Planning ahead can help steer clear of super-senior year

Kelly Petryszyn

Advisers have advice to keep you on track to graduate on time

When students begin college, the plan is often to graduate in four years. It is not uncommon, however, for students to be “super seniors” and graduate in nine semesters or more. As students start registering for classes, advisers said it is important to plan ahead so students can graduate on-time.

“First figure out what classes you want to take to stay on track,” academic adviser Marcus Tullio said.

He said students should regularly meet with an adviser and know when they need to take what classes.

It is “very important to take certain classes in order,” academic adviser Cassie Pegg-Kirby said. Some classes are only offered in the spring or fall, so a student needs to take those classes at the designated time or wait a year. She always has students leave her office with a semester guide and a requirement sheet. She added that it is important for students to meet with an adviser once a semester.

Students said they are familiar with KAPS reports and their graduation requirements.

Junior geology major Lindsey Brenizer said she prefers to use only these tools and not an adviser’s help.

“If I try to understand it myself, I feel I am in control,” she said, adding that it may take her five years to graduate because she changed her major.

Junior philosophy major James Parsons, who learned about KAPS report from his adviser, said he thinks meeting with an adviser is useful.

“It saves time,” he said. “Rather than having to figure it out for yourself, they have all the information right there.”

It is important for students to meet with advisers regularly, so advisers can catch when students get off-track, Pegg-Kirby said.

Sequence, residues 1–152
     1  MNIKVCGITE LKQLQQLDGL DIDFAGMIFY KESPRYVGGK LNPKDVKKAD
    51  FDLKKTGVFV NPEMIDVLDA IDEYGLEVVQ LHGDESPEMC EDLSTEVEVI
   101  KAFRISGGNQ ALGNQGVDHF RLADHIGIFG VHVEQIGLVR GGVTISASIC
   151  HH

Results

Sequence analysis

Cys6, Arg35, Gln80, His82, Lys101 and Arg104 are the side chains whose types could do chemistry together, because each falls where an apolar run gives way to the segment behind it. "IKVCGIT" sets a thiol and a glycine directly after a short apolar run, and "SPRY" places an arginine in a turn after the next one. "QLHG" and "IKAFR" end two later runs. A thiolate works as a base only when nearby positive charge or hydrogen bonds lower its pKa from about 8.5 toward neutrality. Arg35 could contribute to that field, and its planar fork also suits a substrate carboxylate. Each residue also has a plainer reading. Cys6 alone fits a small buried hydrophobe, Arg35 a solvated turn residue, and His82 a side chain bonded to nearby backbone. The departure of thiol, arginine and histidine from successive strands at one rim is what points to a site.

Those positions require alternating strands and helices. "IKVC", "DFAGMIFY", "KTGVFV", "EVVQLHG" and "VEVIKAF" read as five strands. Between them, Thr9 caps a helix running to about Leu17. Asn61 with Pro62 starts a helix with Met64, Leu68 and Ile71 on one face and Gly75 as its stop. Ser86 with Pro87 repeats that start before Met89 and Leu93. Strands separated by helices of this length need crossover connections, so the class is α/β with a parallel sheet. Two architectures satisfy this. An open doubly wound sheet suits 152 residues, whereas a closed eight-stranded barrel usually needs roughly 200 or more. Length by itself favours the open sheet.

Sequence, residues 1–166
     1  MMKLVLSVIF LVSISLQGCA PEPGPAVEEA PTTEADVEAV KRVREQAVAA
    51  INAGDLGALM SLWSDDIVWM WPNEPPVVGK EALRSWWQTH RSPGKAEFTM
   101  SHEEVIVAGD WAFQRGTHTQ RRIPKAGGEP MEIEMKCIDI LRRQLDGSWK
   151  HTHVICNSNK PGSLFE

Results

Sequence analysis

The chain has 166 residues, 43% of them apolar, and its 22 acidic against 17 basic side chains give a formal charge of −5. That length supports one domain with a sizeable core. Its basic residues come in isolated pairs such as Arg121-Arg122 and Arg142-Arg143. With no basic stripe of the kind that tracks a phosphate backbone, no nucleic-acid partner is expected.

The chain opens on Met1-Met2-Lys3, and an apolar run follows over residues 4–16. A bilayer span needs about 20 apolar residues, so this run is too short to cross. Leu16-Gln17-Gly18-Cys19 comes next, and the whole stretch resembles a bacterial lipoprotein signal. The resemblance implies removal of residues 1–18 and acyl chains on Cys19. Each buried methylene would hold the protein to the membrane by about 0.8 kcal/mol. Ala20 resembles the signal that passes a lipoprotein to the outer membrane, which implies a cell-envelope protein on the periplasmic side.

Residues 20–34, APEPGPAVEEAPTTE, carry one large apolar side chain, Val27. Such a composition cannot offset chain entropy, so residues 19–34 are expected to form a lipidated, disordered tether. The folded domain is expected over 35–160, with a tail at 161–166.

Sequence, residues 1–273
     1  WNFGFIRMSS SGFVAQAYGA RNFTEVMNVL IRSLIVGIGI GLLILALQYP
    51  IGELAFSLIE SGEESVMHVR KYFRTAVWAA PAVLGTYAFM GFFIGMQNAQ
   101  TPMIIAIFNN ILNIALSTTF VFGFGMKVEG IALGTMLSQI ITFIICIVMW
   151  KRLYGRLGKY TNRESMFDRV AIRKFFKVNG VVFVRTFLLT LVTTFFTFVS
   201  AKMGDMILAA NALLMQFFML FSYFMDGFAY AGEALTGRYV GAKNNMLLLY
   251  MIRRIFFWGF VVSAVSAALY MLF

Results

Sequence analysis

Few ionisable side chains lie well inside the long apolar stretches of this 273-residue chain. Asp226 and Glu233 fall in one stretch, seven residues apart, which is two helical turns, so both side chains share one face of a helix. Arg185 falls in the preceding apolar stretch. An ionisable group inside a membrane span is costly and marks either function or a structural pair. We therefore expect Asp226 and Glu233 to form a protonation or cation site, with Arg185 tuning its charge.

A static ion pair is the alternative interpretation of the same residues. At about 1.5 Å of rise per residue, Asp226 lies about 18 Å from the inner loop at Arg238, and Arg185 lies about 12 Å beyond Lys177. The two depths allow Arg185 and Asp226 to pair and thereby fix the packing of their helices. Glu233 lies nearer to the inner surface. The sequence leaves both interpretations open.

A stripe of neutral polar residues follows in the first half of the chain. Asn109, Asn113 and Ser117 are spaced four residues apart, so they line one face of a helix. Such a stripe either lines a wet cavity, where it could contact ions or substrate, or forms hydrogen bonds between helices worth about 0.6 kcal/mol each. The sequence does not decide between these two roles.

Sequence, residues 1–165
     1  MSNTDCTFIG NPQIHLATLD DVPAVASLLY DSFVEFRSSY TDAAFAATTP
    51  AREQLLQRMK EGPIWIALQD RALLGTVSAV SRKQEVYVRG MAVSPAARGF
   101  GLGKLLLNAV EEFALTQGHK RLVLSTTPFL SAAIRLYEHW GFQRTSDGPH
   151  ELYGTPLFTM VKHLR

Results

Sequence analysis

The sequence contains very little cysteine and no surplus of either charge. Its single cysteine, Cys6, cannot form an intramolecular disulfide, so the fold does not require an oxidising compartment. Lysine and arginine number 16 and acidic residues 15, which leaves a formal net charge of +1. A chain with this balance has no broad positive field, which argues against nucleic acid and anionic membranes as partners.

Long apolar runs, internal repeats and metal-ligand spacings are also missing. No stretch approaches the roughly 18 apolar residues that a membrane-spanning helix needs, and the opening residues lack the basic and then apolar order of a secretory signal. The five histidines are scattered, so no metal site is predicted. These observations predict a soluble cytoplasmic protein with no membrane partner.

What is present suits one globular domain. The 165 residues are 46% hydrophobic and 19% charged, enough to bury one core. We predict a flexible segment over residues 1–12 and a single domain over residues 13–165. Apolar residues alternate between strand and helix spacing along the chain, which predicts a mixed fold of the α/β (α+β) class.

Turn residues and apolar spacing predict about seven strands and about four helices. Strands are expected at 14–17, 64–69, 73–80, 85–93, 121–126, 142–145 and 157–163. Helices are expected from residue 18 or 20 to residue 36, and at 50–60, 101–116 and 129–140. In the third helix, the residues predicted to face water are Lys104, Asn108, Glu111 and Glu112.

If a student gets closed out of a class, the student should contact the instructor first to overload the course, and if that doesn’t work, they should contact a faculty adviser, Tullio said.

“The answer is not always yes,” Pegg-Kirby said. “Students should be proactive about completing their degree.”

Sometimes extra seats or an extra section can be added, she said. A student can also get on the wait list for a class by contacting the department.

Parsons didn’t know that a student could try to get in a class if they were shut out. He said he didn’t get in a class because it was full and held off on taking it until the following semester.

To complete their degree in a timely manner, “maximize every class you take,” Pegg-Kirby said. For example, a student can make an LER course count as a diversity requirement or a major class count for a minor.

If student’s class work is suffering as the result of an outside job, students should research loans or consider taking a year off, Tullio said.

He said he hopes students can spot when they reach this point by noticing they are “not going to class, missing assignments or are doing poorly on tests and other assignments.”

Another issue that gets students off track is when exploratory students have taken most of their LERs and haven’t found a major yet.

Junior public relations major Rena Haber was unsure about her history major, so instead of staying in school and taking other classes, she decided to take time off to figure out what she wanted to do.

Students should take it upon themselves to make sure they complete their degree on-time, Pegg-Kirby said.

“It’s their degree,” she said. “(It is) important they are an advocate for themselves. It’s important they ask the question. If you don’t ask the question, you will never know.”

Contact student affairs reporter Kelly Petryszyn at [email protected].